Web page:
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The causes and consequences of interspecific variation in sex-specific contributions to animal parental care are relatively well understood during pregnancy or incubation and during offspring provisioning, but comparative patterns of sex-biased investment during nest-, den-, or other shelter-building have been almost completely overlooked. This is surprising because birthing shelters’ protective properties have important fitness consequences for both parents and offspring. Here, we address this gap in our knowledge by testing predictions concerning sex-specific contributions to avian nest building in more than 500 species of Western Palearctic birds in relation to the time available to breed and sex-specific reproductive effort, while also examining correlates with nesting site and nest structure. Using multivariate phylogenetic comparative and path analysis approaches, we found that, opposite to what had been predicted, species in which females build nests alone have shorter breeding seasons and breed at higher latitudes. In addition, species in which females lay larger clutch sizes and incubate eggs alone are more likely to have nests built by females alone, again countering predictions that reproductive contributions are not traded-off between the sexes. Finally, however, sex-specific nest building contributions were predictably related to nest site and structure, as species in which females built nests alone were more likely to have open cup nests relative to enclosed, domed nests of species in which both parents build. Our study provides important new insights, and generates several new questions for experimental research into the adaptive dynamics of sex-specific contributions prior or at the onset of parental care.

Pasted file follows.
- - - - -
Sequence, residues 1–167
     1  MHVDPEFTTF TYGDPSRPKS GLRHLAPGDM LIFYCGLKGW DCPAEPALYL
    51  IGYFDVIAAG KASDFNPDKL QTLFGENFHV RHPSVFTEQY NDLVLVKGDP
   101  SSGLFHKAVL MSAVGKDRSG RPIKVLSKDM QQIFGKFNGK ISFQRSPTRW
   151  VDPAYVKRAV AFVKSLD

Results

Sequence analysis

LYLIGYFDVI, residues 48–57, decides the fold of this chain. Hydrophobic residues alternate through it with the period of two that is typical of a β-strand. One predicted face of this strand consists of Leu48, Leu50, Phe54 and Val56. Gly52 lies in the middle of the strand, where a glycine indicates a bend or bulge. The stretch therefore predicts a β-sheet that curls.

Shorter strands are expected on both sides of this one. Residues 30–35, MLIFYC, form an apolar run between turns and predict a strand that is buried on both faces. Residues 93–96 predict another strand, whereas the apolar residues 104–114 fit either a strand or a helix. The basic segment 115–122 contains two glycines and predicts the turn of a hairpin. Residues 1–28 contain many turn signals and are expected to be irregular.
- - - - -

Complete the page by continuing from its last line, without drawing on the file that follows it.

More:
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This page is a summary of: Sex-specific contributions to nest building in birds, Behavioral Ecology, July 2021, Oxford University Press (OUP), DOI: 10.1093/beheco/arab035.
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